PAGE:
After a second wave of intensive household testing, a large study of the "test and treat" strategy in Zambia is diagnosing more people with HIV, getting more people onto treatment, and reducing the time between diagnosis and starting treatment, findings from the PopART study presented at the recent Conference on Retroviruses and Opportunistic Infections (CROI 2017) show.

alt

Read more:

CROI 2017: Integrase Inhibitors May Increase Risk of IRIS in Late Presenters for HIV Treatment

HIV integrase inhibitors such as dolutegravir and raltegravir may increase the risk of immune reconstitution inflammatory syndrome or IRIS, according to studies from the Netherlands and France presented last month at the Conference on Retroviruses and Opportunistic Infections in Seattle.

alt

Read more:

CROI 2017: 1 in 5 HIV+ Men in U.K. Who Say They Are Heterosexual Caught HIV from Another Man

A genetic analysis of a large database of people with HIV in care in the U.K. shows that 18% of HIV-positive men who claim to be exclusively heterosexual in fact belong to clusters of linked infections that consist only of men. The data were presented by Manon Ragonnet-Cronin and colleagues from Edinburgh University at the recent Conference on Retroviruses and Opportunistic Infections in Seattle.

alt

Read more:

CROI 2017: HIV's Milder Cousin May Be Less Mild than Previously Thought

The virulence of HIV-2 virulence may have been underestimated, and although progression to AIDS and death in people with HIV-2 infection was slower than with HIV-1, it was the rule rather than the exception -- 70% progressed to AIDS within 20 years -- according to new research from West Africa presented at last month's Conference on Retroviruses and Opportunistic Infections.

alt

Read more:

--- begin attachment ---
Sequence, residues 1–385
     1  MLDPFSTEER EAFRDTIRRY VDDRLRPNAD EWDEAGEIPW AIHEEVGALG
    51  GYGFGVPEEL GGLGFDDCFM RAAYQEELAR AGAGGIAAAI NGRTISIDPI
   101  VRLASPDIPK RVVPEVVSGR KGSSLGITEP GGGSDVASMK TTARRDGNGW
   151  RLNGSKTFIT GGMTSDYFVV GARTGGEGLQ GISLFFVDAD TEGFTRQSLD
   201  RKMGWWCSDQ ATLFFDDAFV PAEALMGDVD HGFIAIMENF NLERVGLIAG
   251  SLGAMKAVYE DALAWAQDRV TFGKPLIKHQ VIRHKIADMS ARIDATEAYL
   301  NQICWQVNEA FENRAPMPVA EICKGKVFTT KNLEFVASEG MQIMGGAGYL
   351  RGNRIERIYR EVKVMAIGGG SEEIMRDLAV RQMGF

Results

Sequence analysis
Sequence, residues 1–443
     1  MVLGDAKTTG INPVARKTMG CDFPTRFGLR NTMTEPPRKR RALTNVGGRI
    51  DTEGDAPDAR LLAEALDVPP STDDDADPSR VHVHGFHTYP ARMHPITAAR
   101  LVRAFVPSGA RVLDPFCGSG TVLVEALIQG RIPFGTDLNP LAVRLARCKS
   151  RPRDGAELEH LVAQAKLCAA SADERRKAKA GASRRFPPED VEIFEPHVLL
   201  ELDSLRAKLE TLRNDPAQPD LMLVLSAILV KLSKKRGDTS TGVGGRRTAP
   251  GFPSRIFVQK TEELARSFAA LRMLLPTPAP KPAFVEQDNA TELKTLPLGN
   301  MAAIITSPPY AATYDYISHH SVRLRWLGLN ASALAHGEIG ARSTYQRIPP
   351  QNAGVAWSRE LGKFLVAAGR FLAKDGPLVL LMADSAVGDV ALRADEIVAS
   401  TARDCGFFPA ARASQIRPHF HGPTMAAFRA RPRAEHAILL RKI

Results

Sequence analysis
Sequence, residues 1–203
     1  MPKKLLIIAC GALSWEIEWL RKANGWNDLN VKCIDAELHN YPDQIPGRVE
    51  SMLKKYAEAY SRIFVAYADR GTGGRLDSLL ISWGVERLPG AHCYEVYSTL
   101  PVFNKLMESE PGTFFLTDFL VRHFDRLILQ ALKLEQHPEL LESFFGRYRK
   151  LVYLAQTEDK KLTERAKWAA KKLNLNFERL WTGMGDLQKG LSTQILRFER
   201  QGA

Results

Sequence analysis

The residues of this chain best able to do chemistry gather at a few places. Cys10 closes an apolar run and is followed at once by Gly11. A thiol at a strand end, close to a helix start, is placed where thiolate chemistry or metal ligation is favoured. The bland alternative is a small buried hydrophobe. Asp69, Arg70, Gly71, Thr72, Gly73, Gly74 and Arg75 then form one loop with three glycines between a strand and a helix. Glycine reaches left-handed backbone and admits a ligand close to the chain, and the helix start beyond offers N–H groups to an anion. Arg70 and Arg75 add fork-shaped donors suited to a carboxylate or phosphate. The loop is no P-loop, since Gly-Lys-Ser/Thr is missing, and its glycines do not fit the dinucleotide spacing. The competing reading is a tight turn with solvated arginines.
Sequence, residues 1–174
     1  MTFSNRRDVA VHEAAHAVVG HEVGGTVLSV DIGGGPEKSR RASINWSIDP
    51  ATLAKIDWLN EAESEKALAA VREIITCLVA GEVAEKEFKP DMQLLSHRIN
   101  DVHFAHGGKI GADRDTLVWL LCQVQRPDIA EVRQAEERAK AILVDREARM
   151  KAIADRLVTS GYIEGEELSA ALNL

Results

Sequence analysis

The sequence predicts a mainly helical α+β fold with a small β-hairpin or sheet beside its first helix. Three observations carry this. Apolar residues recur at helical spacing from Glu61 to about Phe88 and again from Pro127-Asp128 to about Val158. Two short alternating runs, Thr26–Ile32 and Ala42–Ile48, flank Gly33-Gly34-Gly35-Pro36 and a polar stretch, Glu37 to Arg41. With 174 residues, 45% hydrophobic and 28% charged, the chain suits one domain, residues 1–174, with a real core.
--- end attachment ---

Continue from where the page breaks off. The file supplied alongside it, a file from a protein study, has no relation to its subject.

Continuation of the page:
CROI 2017: Simple Risk Score Can Identify Gay Men Who May Have Acute HIV Infection

A set of 7 simple questions about symptoms and risk factors identified three-quarters of gay men in Amsterdam who have acute (very recent) HIV infection, according to a study presented at the Conference on Retroviruses and Opportunistic Infections in Seattle last month. Using this risk score could identify gay men requiring HIV RNA testing, which can detect acute infections, in addition to HIV antibody testing.

alt

Read more:

CROI 2017: Bacterial Vaginosis Does Not Affect Efficacy of Oral PrEP in Women

Research presented at the Conference on Retroviruses and Opportunistic Infections last month in Seattle found that the efficacy of oral pre-exposure prophylaxis (PrEP) for women was not affected by bacterial vaginosis (BV) -- the overgrowth in the vagina of untypical microbes. The effectiveness of PrEP in the Partners PrEP study was not significantly different in women with and without BV. This rules out BV as a possible cause for the lower effectiveness of oral PrEP in some studies of women compared to studies of men who have sex with men.

alt

Read more:

CROI 2017: Better Depression Care Could Improve Outcomes for HIV Treatment Programs

Improved management of depression and other mental health problems has the potential to improve the outcomes of HIV treatment programs, Pamela Collins of the U.S. National Institute of Mental Health reported at the recent Conference on Retroviruses and Opportunistic Infections in Seattle. Mental health treatment should be integrated into HIV services in resource-limited settings, she said.

alt

Read more:

CROI 2017: Studies Look at Brain and Cognitive Changes in People with HIV As They Age

People with HIV often show persistent signs of cognitive impairment and abnormalities in brain structure despite suppressive antiretroviral therapy (ART), but they do not appear to experience accelerated decline compared to HIV-negative people as they age, according to research presented at the Conference on Retroviruses and Opportunistic Infections last month in Seattle.

alt

Read more:

CROI 2017: Peer Navigators Improve Linkage to HIV Care and Retention in South African Study

Adults recently diagnosed with HIV who get help from peers to address personal barriers to care together with SMS check-in messages, appointment, and healthy living reminders had nearly twice the odds of being retained in care at 1 year of follow-up compared to those getting standard care at primary health clinics in South Africa according to findings presented at the recent Conference on Retroviruses and Opportunistic Infections.

alt

Read more:

CROI 2017: Point-of-Care Testing Improves Infant HIV Diagnosis Rate, Treatment, and Retention

Using a point-of-care test to diagnose HIV in infants significantly improved retention in care, speeded up antiretroviral therapy (ART) initiation, and increased the proportion of infants who started treatment, a large randomized study in Mozambique has found. The results were presented at the 2017 Conference on Retroviruses and Opportunistic Infections last month in Seattle.

alt

Read more: